RATING: 6/10  There's no chance of the TOP 20 list in this film's future, but at least TRY it and you MIGHT be surprised. Go in expecting nothing and you may get something.


August 30, 2013  10:34pm

Wednesday, August 28, 2013

236. Pandora and the Flying Dutchman (1951)

Running Time: 122 minutes
Directed By: Albert Lewin
Written By: Albert Lewin
Main Cast: Ava Gardner, James Mason, Nigel Patrick, Harold Warrender, Sheila Sim
Click here to view the trailer


Noticing that "Pandora and the Flying Dutchman" was one of the many films that Netflix lists as "SAVED", meaning that it's more than likely out of print, I skimmed through the TCM listings many, many months ago and discovered that this was to air and thinking ahead, recorded it. The VHS tape (yep, still using those) has been sitting on a shelf since then, waiting for me.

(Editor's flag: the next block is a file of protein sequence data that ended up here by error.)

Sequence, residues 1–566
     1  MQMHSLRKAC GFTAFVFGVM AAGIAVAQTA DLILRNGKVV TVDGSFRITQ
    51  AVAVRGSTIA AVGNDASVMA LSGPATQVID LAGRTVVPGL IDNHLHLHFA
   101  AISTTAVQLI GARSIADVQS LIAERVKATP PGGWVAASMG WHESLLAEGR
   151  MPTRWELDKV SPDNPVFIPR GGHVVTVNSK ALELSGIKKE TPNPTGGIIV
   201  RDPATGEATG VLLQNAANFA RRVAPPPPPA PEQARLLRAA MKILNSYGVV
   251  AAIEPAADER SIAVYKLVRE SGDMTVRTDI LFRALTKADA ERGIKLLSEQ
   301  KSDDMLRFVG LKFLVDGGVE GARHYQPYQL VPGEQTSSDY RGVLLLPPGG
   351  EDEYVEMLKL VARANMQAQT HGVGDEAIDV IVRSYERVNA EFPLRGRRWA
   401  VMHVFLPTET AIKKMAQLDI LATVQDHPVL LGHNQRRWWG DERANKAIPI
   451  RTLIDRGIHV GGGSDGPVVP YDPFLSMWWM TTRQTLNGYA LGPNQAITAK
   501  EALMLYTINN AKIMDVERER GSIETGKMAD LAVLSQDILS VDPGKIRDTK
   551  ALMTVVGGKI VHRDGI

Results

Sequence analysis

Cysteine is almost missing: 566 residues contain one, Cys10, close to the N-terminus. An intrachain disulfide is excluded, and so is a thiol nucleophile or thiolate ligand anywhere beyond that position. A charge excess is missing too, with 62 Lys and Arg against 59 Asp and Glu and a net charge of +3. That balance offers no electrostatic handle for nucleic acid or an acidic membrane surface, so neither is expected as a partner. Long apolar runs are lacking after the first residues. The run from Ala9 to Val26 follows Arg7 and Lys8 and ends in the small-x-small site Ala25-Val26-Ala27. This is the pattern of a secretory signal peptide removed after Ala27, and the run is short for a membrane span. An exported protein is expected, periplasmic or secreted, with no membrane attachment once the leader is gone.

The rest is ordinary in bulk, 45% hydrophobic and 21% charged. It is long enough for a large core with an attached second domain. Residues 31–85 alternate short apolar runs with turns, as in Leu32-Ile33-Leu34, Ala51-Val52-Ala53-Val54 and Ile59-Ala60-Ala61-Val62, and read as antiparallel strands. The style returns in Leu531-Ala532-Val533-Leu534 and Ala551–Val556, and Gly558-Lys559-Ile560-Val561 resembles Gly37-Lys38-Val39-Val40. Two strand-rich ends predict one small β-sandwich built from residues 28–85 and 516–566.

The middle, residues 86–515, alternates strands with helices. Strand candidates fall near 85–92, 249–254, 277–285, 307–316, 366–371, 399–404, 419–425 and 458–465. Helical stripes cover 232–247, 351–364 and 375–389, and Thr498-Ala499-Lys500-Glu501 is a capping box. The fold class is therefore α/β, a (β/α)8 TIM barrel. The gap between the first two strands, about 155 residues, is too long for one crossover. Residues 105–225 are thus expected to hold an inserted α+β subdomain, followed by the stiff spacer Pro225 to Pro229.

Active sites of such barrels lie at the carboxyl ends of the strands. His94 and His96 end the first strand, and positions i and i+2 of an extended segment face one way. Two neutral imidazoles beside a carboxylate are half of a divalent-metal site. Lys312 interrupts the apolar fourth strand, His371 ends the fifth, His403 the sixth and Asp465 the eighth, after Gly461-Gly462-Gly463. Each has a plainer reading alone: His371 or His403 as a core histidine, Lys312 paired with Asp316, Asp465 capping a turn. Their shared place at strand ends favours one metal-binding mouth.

The plot, to my surprise, was very similar to "The Ghost and Mrs. Muir", in that a woman falls in love with a ghost. This time, the woman is Pandora Reynolds (Gardner), the object of many men's deisres, yet she isn't interested in any of her suitors and really only keeps them around for her own amusement. The suitor with the most brownie points is Stephen (Patrick), a race car enthusiast, who is in the process of building a car, in which he'll attempt to break the land-speed record. The film focuses on what one is prepared to give up for the one they love. Stephen, for example, pushes his prized, hand built speed racer over a cliff, simply because Pandora asks him to; wondering if he'll actually do it. Then one day, Pandora meets Hendrick van der Zee (Mason), when she wanders onto an anchored sea vessel; finding the ship's captain (van der Zee) painting a portrait of, what seems to be Pandora. The two become chummy, with Pandora not realizing that van der Zee is the Flying Dutchman. From there, we learn the legend of the flying dutchman, in which the dutchman in question is condemned to sail the seas for eternity, unless he can find a woman who loves him enough to die for him - again returning to the "what are you prepared to give up for your lover" theme. There's also a matador who is also infatuated with Pandora, yet meanwhile, Pandora and Stephen are engaged to be married. That's the gist of it - a big, love triangle/quadrangle.